|Rich Best has spent 28 years in the financial services industry, as an advisor, a managing partner, directors of training and marketing, and now as a consultant to the industry. Rich has written extensively on a broad range of personal finance topics and is published on several top financial sites. Recent books include The American Family Survival Bible and Annuity Facts Revealed: What You MUST Know Before You Invest.|
Do You Need a Partner or Investor? Pros and Cons of Each
Growing businesses often reach a critical juncture when, in order to get to the next level, they require an infusion of capital. In many cases, financed capital is either not available or it’s not sufficient to meet the expansion needs of the business. That’s when many businesses look outside for capital through an investor or by taking on a partner. Both can be a source of big capital; however, both can also be a source of big headaches. Business owners should carefully consider the pros and cons of each to determine, which, if any, would be the best fit for the business.
First, the Key Differences between a Partner and an Investor
An investor is generally, a person or an entity that puts up a sum of money in return for a stake in the company or a future return, or both. An investor can be anyone (or thing) from a family member, to a bank, to a private investment group, a venture capitalist or a vendor/supplier used by the business.
A partner is someone who can bring both financial and intellectual capital to the table. Generally, when a business owner takes on a partner, a partnership agreement details the financial arrangement as well as the respective roles in the business. From that point forward, business equity and interests are divided between the partners according to the agreement.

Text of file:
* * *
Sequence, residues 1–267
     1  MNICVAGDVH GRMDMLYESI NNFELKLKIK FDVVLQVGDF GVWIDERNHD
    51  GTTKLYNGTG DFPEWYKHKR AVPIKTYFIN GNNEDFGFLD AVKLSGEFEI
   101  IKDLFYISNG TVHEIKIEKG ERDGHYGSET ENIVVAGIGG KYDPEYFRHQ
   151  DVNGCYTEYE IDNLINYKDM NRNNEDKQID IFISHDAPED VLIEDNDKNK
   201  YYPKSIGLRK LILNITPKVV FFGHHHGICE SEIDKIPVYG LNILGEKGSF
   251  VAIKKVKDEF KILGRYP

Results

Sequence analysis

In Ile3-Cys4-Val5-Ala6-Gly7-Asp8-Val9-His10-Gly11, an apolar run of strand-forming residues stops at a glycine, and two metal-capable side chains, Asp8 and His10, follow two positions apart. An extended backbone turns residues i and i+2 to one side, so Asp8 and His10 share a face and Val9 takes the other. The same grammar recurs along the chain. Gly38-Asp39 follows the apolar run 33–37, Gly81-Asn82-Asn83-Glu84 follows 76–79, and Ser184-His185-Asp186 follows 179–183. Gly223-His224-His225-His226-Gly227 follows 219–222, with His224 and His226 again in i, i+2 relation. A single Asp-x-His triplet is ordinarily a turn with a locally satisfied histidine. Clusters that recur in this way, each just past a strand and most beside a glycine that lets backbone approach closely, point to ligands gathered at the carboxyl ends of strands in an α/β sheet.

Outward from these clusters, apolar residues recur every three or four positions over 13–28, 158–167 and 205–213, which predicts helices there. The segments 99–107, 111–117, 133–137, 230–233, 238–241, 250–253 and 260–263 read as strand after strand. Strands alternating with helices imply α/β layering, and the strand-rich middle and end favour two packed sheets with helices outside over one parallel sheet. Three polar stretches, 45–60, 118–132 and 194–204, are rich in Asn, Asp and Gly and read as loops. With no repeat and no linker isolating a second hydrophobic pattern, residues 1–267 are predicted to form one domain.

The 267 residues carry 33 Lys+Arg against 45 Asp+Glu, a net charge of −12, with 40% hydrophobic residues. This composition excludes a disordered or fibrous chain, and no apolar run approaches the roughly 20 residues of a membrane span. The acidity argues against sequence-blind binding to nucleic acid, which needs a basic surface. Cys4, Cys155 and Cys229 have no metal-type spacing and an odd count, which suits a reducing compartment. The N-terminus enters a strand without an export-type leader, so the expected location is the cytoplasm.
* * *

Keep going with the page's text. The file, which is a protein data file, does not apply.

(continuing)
Generally, a business would seek an investor rather than a partner when they have an immediate need for capital to expand. A capital infusion from an investor can help purchase new equipment or facilities, undertake a major product launch, or pay down high-interest debt.
A business is more likely to take on a partner when, in addition to gaining access to additional capital, it needs additional expertise or capabilities, and/or the partner can help the business gain access to new markets or customers.
Investor Pros and Cons
Partner Pros and Cons
Choosing a partner can be much more difficult than choosing an investor. Failed partnerships are among the main reasons why businesses fail. Selecting the right partner must involve a serious evaluation that goes beyond the additional capital he or she can bring. All of the funding, skills and expertise a person brings will be worth nothing if there is no compatibility of work style and business philosophies.
If you just need capital, look to investors. If you really need an influx of human capital along with financial capital, look to a partner. But choose wisely.
Read Other Small Business Financial Articles